Porsche Cayenne

Porsche Cayenne review

Performance & drive
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In this review

Performance & drive

What it’s like to drive, and how quiet it is

Engine, 0-60mph and gearbox

Put simply, there’s no such thing as a slow Cayenne. Even the weakest variant gets a 3.0-litre 335bhp turbocharged V6 that’ll accelerate from 0-60mph in less than six seconds. It pulls strongly from low engine speeds but does start to feel strained at the top of the rev range.

The next step up is the Cayenne S. Its V6 may be slightly smaller at 2.9-litres, but an extra turbo means it’s a second quicker to 60mph. It’s more muscular low down and is far happier being taken to the redline. Given the Cayenne’s sporty remit, it feels like a better fit.

The Cayenne Hybrid is quicker even than the S - and most hot hatchbacks for that matter - becasue it retains the 3.0 V6 petrol engine of the standard Cayenne with added zip from an electric motor. In fact, it's one of the fastest plug-in hybrid SUVs on sale, bettering the pace of premium rivals such as the Volvo XC90 T8 and Range Rover Sport P400e, while managing a real-world electric-only range - on a fully juiced-up battery - of around 18 miles.

At the top of the tree is the frankly bonkers Turbo. Its mighty twin-turbo V8 has the kind of performance that would have been the preserve of supercars a few short years ago. There’s enough pace to overtake with ease although you do have to keep an eye on your speed – you’ll reach any legal limit far faster than you might expect. If anything, that’s the Cayenne’s biggest problem; they’re all capable of rapid acceleration, but they hide their speed a little too well.

Suspension and ride comfort

The standard Cayenne, E-Hybrid and S models come with steel springs as standard. It’s a softer set-up than what you might expect, but that unfortunately doesn’t stop the car from thumping over potholes and expansion joints. We wouldn’t go as far as to say it is uncomfortable, but it lacks the pliance you expect from a large SUV.

Therefore, we’d recommend the optional air suspension (it’s standard on the range-topping Turbo model). In Comfort mode, the ride remains relatively firm, but it never crashes or bangs like the standard steel set-up. In fact, you hear the impacts more than you feel them – a common trait of air suspension.

Another upshot of choosing air suspension is that you won't find any float or wallow even at high speed. Any undulations are dealt with quickly and without the excess body movement that you so often find in big air-sprung SUVs.

It’s worth mentioning that all of our test cars were riding on big alloy wheels that won’t have done the ride any favours. In fact, if you want to avoid paying London’s Congestion Charge in the E-Hybrid, you’ll need to choose a low-spec car with smaller 19in wheels. Ultimately, though, the Audi Q7 and Range Rover Sport are more comfortable cruisers.

Porsche Cayenne


Despite being bigger than ever, all versions of the Cayenne have lost a bit of weight, helping them to handle very well given their size.

However, once again, we’d avoid the standard steel springs; they allow the car to pitch and wallow in Comfort mode, whereas the optional air suspension keeps everything nice and tight and stops the Cayenne from rolling in corners.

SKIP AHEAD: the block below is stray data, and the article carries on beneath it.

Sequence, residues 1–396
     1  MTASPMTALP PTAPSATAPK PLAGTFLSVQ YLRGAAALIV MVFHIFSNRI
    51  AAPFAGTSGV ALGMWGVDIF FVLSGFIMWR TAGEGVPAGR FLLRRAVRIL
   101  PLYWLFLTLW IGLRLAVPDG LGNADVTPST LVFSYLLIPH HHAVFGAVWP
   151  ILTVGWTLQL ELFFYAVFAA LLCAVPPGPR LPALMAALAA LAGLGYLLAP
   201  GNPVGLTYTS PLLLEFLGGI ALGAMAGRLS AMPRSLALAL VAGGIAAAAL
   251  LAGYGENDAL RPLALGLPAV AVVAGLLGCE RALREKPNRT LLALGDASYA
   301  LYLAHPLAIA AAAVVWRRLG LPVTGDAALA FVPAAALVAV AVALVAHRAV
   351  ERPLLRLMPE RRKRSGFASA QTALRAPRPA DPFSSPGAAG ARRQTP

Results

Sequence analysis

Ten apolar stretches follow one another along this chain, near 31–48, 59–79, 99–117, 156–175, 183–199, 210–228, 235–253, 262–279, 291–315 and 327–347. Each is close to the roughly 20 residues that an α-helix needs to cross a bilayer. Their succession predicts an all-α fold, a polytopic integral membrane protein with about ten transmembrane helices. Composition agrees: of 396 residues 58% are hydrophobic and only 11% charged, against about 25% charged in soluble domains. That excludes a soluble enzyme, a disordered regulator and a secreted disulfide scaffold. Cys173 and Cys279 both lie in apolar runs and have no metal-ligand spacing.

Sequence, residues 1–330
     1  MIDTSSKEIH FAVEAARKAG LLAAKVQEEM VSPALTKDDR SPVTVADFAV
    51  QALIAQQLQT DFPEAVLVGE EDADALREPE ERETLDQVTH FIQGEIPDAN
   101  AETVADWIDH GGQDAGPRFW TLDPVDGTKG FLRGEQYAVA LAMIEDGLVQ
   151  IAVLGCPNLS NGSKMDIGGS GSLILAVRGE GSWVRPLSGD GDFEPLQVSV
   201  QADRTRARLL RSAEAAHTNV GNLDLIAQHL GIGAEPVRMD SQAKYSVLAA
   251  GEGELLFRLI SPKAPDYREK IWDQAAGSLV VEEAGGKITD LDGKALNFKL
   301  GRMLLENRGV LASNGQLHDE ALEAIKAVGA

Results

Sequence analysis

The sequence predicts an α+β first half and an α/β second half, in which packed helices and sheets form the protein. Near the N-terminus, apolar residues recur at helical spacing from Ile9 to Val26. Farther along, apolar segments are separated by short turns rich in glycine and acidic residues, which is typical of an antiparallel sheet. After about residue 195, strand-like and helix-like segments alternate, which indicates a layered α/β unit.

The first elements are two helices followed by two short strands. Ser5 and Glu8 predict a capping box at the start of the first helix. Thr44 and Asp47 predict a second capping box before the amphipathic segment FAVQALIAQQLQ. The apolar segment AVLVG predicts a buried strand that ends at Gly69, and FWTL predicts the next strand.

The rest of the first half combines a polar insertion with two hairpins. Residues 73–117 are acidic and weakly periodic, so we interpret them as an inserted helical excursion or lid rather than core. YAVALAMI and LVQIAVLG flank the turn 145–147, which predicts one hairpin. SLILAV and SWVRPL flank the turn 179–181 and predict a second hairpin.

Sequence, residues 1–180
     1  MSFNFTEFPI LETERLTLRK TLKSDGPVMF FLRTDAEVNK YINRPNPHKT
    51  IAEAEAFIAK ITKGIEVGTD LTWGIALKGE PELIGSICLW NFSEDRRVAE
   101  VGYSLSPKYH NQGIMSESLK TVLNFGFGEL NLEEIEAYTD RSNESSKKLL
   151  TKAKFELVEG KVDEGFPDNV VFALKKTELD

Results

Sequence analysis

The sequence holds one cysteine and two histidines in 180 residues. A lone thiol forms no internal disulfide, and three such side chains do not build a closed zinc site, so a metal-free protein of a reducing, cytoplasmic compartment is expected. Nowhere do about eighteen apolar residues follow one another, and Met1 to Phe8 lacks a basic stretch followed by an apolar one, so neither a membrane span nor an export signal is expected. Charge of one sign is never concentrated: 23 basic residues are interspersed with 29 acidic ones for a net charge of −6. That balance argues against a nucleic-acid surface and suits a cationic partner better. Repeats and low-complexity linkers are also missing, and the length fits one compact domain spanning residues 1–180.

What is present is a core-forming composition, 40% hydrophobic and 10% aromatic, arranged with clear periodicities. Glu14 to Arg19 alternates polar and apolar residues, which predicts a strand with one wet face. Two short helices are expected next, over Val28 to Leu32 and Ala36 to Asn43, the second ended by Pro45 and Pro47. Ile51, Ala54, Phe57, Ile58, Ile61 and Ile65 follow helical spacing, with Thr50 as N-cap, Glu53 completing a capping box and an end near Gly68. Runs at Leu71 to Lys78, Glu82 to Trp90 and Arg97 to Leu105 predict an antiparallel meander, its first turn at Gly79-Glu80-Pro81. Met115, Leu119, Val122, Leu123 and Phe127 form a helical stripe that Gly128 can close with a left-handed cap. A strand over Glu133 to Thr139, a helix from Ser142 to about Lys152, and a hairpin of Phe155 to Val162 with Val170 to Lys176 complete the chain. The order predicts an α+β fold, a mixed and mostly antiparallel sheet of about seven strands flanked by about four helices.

Sport mode firms things up further, so it’s even more willing to change direction quickly, while Sport Plus mode should only be used when the road is particularly smooth.

And should you want the ultimate in cornering control, you can get four-wheel steering to make the Cayenne feel more nimble in low-speed corners and more stable as speeds increase. Air-sprung cars also have the option of active anti-roll bars that virtually eliminate body lean.

Even with four-wheel steering, the V6 cars are easy to place on the road; you won’t find yourself making multiple steering inputs as you corner. The extra weight of the V8 in the Turbo model makes the steering a little less accurate, although no Cayenne gives you much feedback through the wheel. Weight build-up is good, however.

Grip levels are very high, and while you’ll feel the nose slip first, you can neutralise this with the accelerator. If you’re really committed, you can even make the rear tyres slide. All Cayennes should manage most off-roading that’s asked of them. If you’re planning to venture further off the black stuff, air suspension allows you to increase the ride height and an off-road pack is available.

Noise and vibration

It’s unlikely that you’ll have any complaints about the petrol engines. All are smooth under normal use, although the entry-level V6 can sound a little strained when worked really hard.

The V6 in the S variant is a little louder, but it’s an appealingly sporty noise that suits the more dynamic character of the car. As for the V8 in the Turbo model, it makes a menacing rumble under normal use but the Turbo doesn’t sound quite as fruity as the S when you’re going for it. In the E-Hybrid, you won’t hear any noise while you’re in electric mode, of course, although the V6 petrol makes its presence heard with a raucous noise when it joins in.

All models come with an eight-speed automatic gearbox as standard that glides between ratios and is pretty responsive to manual commands as well. Wind and road noise are well contained but the rear suspension is surprisingly loud in its operation.

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